Perspective | The NBA has gone global, with Nikola Jokic as its all-world center (2024)

DENVER — At 2:30 a.m. in Serbia, the dream appeared on live television. Nikola Jokic lumbered onto the NBA Finals court one last, victorious time and proceeded to transcend imagination. With a Finals MVP performance to clinch his adopted city’s first championship, Jokic stands now as a phenomenon that many in his hoops-crazed country once thought impossible: the best player in the world.

The screen didn’t lie. His unorthodox greatness was as striking on the Arena Sport broadcast in Serbia as it was on ABC in the United States. Or on networks in China, Finland, France, Italy, Latin America and Spain, all of which were on-site covering a sport whose global popularity keeps multiplying.

As the Denver Nuggets celebrate their confetti-triggering 94-89 win over the Miami Heat in Game 5, the world sees the superstar Jokic has become. The world sees the diversifying virtue of the entire NBA. This is no longer a league that one team, rivalry or nation can own.


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NBA Finals

Nuggets win series, 4-1

Game 1: Denver 104, Miami 93

Brewer: Mesmerizing Nuggets better get used to attention

Game 2: Miami 111, Denver 108

Brewer: Nuggets can put on a show, but Heat can put up a fight

Game 3: Denver 109, Miami 94

Brewer: We knew Jokic and Murray were great. Now they look unstoppable.

Game 4: Denver 108, Miami 95

Brewer: Nuggets have passed all the tests. It’s time to crown them.

Game 5: Denver 94, Miami 89

Brewer: NBA has gone global, with Jokic as its all-world center

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While the United States remains rooted as the preeminent basketball power, the sport now prospers because elite talent sprouts from everywhere. Jokic, a 6-foot-11, 285-pound center, plays like he is from another planet. Maybe his hometown of Sombor, Serbia, once seemed a space shuttle flight away from NBA fame. Not anymore. It’s right here. As the NBA brand swells worldwide, it does not flaunt American dominance and exclusivity. The appeal lies in its accessibility.

Serbia is having a moment with Nikoka Jokic and Novak Djokovic

“To be quite honest, I never thought Serbia or former Yugoslavia would have a player in the Finals with such an important role,” said Nenad Kostic, an Arena Sport announcer who called the games on-site. “This is the first time in our lifetime that we’ve had someone like this. There have been a lot of excellent, unbelievable players from the area, but they were mostly role players, standouts but not the number one guy: Drazen Petrovic, Toni Kukoc, Vlade Divac, Peja Stojakovic. To see Nikola Jokic here on this stage, as a two-time MVP, it is a once-in-a-lifetime opportunity.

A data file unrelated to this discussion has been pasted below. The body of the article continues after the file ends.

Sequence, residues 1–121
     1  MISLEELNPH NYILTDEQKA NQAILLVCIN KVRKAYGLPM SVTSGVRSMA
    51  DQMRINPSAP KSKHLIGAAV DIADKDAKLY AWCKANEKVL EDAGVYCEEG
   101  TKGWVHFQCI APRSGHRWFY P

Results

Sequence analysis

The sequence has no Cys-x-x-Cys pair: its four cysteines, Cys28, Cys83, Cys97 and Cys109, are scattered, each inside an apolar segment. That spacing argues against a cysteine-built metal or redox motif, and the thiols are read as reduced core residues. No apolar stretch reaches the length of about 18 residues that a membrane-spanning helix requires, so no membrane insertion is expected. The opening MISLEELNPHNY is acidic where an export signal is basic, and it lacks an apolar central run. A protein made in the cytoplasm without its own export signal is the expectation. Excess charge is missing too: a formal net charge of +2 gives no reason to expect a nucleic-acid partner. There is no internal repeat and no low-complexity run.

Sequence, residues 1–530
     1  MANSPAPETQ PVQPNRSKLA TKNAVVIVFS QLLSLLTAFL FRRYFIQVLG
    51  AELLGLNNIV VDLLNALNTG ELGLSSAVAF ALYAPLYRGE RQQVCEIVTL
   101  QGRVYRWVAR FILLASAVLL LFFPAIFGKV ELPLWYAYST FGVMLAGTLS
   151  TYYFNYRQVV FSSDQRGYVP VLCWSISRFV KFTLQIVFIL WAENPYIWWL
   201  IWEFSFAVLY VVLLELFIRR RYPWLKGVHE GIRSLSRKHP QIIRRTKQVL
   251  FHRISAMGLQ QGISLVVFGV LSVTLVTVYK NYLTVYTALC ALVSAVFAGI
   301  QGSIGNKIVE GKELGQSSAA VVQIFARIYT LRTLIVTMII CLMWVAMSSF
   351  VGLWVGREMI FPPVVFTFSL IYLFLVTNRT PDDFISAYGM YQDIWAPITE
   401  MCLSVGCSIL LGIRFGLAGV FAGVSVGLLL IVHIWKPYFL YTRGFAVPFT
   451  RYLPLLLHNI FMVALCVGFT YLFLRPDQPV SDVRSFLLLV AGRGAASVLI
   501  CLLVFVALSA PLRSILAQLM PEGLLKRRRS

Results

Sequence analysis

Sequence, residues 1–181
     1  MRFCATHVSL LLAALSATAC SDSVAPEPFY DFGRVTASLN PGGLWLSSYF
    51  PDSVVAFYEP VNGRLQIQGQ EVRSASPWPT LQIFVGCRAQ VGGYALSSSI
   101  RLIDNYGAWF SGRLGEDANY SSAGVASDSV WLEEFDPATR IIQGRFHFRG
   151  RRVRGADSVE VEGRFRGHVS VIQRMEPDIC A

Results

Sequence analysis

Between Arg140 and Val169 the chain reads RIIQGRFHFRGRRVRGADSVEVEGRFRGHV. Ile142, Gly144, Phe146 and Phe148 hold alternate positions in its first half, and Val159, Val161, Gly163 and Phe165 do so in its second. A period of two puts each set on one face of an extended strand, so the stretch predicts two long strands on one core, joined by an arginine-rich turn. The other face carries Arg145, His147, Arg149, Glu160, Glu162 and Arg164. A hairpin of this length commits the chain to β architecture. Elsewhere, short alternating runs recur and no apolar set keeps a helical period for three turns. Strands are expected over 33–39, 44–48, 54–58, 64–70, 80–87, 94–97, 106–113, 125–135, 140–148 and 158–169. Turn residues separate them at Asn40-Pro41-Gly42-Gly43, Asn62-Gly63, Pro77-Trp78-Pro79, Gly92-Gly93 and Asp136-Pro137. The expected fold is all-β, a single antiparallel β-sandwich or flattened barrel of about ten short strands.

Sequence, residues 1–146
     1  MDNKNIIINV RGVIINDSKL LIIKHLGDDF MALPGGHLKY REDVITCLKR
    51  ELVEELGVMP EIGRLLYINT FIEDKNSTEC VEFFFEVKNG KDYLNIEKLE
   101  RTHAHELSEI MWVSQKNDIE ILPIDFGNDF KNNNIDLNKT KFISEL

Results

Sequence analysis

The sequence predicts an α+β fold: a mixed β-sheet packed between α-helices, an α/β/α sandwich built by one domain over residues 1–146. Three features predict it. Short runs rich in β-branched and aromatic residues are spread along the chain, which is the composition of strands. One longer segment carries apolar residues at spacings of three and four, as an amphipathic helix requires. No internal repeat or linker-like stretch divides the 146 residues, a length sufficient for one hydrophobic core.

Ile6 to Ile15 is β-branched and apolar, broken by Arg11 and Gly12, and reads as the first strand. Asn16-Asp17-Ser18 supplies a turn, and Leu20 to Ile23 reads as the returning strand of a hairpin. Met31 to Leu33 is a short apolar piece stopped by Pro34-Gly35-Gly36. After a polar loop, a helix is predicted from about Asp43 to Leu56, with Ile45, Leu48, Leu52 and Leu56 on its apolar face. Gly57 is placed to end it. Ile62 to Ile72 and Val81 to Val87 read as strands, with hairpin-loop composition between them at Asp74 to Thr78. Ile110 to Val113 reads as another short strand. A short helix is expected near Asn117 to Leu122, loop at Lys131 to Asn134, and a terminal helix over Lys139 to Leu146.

“We watch and think: ‘When did he get 20 rebounds? How is this even possible?’ ”


NBA globalization is most dramatic at the top of the league, and because individual stars hold disproportionate influence in basketball, the impact will be tremendous. It seems international players have overtaken the league, even though the demographics indicate steady growth. But the three players accounting for the past five MVPs didn’t grow up in America. Giannis Antetokounmpo, the Greek-Nigerian forward who unleashes a bundle of athleticism and force every possession, started the streak with back-to-back awards in 2019 and 2020. Then Jokic won the next two seasons. Joel Embiid, the polished and amusing two-way marvel from Cameroon, is now the reigning MVP.

But they aren’t just owning the regular season. Teams led by international stars have won two of the past three championships. In 2021, the Greek Freak led Milwaukee to its first NBA title in 50 years, and the Bucks have been consistent, high-level contenders for the past five seasons. The Nuggets hadn’t advanced to the Finals before Jokic, with Canadian point guard Jamal Murray as his co-star, propelled a Denver team that should contend for a long time, too.

Beyond their appeal to a global audience, Antetokounmpo and Jokic have helped two forgotten American markets find relevance. And they don’t seem like the types to be easily seduced by the prospect of playing in larger cities, either. It’s another way to look at growth.


Jokic belongs to Denver. He belongs to Serbia. He belongs to the world.

It’s so much attention he probably wants to hide behind a tree. He can’t, though. He’s too big.

“The job is done,” Jokic told ESPN on the court shortly after the triumph. “We can go home now.”

You have to wonder if he’ll show up to the parade. When told afterward it was planned for Thursday, he insisted he needs to go home. To Serbia. He is the most circ*mspect celebrity in sports, and his unpretentious manner is now a covetable standard.

Jokic brings fresh flavor to stardom. The champagne-guzzling champ apologized for burping during a postgame news conference. He looked at his phone, exclaimed “Oh f---!” upon seeing all the text messages and declared he was going to turn it off. Give him a break. After averaging more than 30 points, 14 rebounds and seven assists in the Finals, he deserves one.

The sublime brilliance of Nikola Jokic

The rise in international franchise players is both random and intentional. No one saw Jokic, the No. 41 pick in the 2014 draft, coming. Antetokounmpo, who was drafted 15th the year before, was a 190-pound string bean as a 19-year-old. Their development is mostly a credit to their desire. But the mission to seek talent across the globe has been a diligent NBA pursuit for more than three decades. And it started with a commitment to introduce the game worldwide, an effort that has only grown stronger over the years.